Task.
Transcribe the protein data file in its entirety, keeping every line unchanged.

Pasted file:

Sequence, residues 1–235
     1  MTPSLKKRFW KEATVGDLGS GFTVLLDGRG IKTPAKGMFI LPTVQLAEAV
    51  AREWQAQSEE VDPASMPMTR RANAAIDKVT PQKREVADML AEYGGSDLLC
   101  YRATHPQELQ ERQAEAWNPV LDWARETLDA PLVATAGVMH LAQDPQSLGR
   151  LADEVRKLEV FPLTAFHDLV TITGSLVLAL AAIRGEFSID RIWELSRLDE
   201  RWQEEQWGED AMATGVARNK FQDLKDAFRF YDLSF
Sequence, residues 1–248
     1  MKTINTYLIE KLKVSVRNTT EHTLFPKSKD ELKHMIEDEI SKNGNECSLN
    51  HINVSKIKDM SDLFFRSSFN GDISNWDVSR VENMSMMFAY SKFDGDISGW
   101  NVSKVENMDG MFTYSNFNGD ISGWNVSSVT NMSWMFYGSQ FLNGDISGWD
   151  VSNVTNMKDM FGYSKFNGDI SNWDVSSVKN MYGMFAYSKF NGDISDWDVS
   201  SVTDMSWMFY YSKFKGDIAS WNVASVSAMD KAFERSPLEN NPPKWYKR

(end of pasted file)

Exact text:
Sequence, residues 1–235
     1  MTPSLKKRFW KEATVGDLGS GFTVLLDGRG IKTPAKGMFI LPTVQLAEAV
    51  AREWQAQSEE VDPASMPMTR RANAAIDKVT PQKREVADML AEYGGSDLLC
   101  YRATHPQELQ ERQAEAWNPV LDWARETLDA PLVATAGVMH LAQDPQSLGR
   151  LADEVRKLEV FPLTAFHDLV TITGSLVLAL AAIRGEFSID RIWELSRLDE
   201  RWQEEQWGED AMATGVARNK FQDLKDAFRF YDLSF
Sequence, residues 1–248
     1  MKTINTYLIE KLKVSVRNTT EHTLFPKSKD ELKHMIEDEI SKNGNECSLN
    51  HINVSKIKDM SDLFFRSSFN GDISNWDVSR VENMSMMFAY SKFDGDISGW
   101  NVSKVENMDG MFTYSNFNGD ISGWNVSSVT NMSWMFYGSQ FLNGDISGWD
   151  VSNVTNMKDM FGYSKFNGDI SNWDVSSVKN MYGMFAYSKF NGDISDWDVS
   201  SVTDMSWMFY YSKFKGDIAS WNVASVSAMD KAFERSPLEN NPPKWYKR